Serving as the executor of an estate is a privilege often extended to a trusted friend or relative. But the privilege comes with considerable responsibility and involves numerous tasks that can go awry.
When can an executor (called personal representative in Colorado) be held personally liable for failing to fulfill his or her fiduciary duty in settling the estate?
There are several common situations in which an executor can face liability.
Some of these are fairly straightforward, such as failing to use reasonable care in managing the deceased person’s property or improperly taking money out of the estate. Failure to follow the will (if there is one) and failure to pay the beneficiaries are also clear breaches of duty.
Common traps for executors
Other breaches are more subtle. Indeed, there are some common traps executors can fall into if they are not careful.
One such trap is failure to properly inventory the deceased person’s personal property and distribute it as intended. Wittingly or unwittingly, the executor may allow family members access to the property and allow important items to go missing.
If the items were sufficiently valuable, it could lead to litigation against the executor for breach of duty.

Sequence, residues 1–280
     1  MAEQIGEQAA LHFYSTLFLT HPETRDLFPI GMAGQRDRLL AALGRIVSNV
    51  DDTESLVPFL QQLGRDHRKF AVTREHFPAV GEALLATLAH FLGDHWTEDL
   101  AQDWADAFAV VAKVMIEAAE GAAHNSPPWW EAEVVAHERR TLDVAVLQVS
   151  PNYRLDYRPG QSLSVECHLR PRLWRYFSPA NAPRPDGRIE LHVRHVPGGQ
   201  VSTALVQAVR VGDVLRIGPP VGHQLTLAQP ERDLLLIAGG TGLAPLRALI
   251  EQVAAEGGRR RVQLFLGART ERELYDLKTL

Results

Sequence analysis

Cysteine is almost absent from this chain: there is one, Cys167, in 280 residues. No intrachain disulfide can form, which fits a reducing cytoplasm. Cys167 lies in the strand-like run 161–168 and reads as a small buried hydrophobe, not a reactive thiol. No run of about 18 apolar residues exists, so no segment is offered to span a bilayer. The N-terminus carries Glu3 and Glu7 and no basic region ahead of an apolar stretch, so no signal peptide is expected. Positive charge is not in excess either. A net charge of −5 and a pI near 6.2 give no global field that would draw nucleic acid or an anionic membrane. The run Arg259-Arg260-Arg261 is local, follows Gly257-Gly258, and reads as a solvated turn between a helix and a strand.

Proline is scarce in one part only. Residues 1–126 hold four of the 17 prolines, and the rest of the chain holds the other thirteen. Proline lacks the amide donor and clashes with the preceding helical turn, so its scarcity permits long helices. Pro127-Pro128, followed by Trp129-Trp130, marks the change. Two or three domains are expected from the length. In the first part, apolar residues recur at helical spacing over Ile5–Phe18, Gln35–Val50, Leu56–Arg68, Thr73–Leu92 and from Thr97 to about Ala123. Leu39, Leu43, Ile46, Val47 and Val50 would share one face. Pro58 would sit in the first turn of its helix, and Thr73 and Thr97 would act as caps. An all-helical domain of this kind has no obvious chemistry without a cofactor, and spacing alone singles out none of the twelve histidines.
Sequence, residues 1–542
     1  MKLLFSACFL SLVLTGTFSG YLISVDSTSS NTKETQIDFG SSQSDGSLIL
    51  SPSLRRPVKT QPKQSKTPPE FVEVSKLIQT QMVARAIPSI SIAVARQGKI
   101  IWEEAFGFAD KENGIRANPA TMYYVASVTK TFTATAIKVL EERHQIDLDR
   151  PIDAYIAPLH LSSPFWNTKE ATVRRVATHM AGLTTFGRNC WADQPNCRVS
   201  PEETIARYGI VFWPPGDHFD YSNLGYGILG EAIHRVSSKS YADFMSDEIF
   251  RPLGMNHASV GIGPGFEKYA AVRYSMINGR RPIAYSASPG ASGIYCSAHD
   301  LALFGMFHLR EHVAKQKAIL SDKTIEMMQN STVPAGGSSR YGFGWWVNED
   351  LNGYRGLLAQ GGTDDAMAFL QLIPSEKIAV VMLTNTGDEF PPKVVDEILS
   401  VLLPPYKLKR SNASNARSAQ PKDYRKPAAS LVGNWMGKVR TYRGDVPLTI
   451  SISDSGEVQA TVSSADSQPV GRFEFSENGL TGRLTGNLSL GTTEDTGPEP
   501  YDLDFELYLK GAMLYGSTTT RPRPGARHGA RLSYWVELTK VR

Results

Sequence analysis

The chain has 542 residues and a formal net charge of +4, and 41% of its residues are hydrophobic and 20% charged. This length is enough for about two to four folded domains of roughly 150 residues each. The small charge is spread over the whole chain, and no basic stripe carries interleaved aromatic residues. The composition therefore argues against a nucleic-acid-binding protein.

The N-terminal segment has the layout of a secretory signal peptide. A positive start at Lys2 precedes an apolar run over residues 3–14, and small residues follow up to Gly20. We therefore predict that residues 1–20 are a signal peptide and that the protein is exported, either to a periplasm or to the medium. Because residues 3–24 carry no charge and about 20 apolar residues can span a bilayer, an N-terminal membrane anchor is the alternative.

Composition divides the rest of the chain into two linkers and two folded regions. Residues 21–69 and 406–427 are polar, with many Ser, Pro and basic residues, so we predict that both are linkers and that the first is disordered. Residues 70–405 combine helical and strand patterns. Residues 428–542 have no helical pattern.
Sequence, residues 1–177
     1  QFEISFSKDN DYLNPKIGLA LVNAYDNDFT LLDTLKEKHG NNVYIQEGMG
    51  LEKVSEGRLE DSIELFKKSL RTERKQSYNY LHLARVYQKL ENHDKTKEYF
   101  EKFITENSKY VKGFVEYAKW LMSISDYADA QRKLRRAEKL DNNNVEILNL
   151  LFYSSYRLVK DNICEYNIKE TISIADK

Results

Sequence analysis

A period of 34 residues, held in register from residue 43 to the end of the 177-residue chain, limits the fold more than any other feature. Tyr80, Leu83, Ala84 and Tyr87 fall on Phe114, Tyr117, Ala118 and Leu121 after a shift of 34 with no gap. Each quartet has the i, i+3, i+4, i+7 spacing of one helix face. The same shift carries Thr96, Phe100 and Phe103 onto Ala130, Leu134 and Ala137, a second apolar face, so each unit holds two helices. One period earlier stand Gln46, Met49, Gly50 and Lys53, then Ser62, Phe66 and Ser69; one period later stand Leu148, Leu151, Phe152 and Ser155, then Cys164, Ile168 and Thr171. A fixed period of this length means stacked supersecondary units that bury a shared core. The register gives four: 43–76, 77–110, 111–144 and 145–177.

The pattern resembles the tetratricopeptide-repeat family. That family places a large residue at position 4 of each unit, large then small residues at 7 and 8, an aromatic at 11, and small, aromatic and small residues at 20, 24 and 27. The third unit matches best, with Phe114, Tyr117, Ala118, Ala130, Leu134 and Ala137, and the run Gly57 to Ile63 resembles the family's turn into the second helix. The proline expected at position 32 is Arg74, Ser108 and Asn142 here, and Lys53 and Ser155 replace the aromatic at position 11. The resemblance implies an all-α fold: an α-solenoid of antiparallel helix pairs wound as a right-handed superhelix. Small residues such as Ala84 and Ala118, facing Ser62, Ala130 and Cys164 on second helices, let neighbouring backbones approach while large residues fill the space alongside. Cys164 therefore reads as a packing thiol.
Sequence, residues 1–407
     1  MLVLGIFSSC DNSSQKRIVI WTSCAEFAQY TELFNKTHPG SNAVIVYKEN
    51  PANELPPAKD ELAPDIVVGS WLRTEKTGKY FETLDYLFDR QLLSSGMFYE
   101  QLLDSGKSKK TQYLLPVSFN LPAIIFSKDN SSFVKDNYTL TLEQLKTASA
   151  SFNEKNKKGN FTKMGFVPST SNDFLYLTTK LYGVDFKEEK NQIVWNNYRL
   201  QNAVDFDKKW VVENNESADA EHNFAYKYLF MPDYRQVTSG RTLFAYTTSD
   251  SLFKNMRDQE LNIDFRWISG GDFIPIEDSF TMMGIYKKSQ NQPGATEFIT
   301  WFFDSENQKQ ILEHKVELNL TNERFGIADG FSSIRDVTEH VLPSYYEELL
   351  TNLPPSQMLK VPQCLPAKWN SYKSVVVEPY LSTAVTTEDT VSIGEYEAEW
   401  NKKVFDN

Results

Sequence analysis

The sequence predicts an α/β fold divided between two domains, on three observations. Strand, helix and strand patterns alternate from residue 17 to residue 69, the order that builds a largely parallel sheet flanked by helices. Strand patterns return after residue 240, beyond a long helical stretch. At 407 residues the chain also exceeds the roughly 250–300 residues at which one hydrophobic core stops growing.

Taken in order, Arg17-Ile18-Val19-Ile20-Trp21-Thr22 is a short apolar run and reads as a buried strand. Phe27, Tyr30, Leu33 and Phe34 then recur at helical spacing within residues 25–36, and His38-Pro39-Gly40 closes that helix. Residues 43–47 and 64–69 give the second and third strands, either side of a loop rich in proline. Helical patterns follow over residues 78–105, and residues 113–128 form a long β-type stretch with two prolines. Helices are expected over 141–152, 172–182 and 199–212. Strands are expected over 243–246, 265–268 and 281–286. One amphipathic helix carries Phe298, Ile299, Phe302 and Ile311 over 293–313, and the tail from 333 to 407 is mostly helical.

Another scenario in which things can go wrong for the executor is failing to obtain a proper appraisal of property to be distributed among several heirs. This can easily happen, for example, where there is a family farm or other business. If shares in the farm or business are to be sold so that some beneficiaries buy out others, an accurate valuation is critical to the fairness of the distribution of shares.
If the executor does not oversee this process in an equitable manner, the potential for personal liability is definitely there.
These are only a few of the potential areas where executors can find themselves in over their heads and facing legal challenges. If you are uncertain of how to proceed, it makes sense to discuss your situation with an attorney knowledgeable about probation litigation.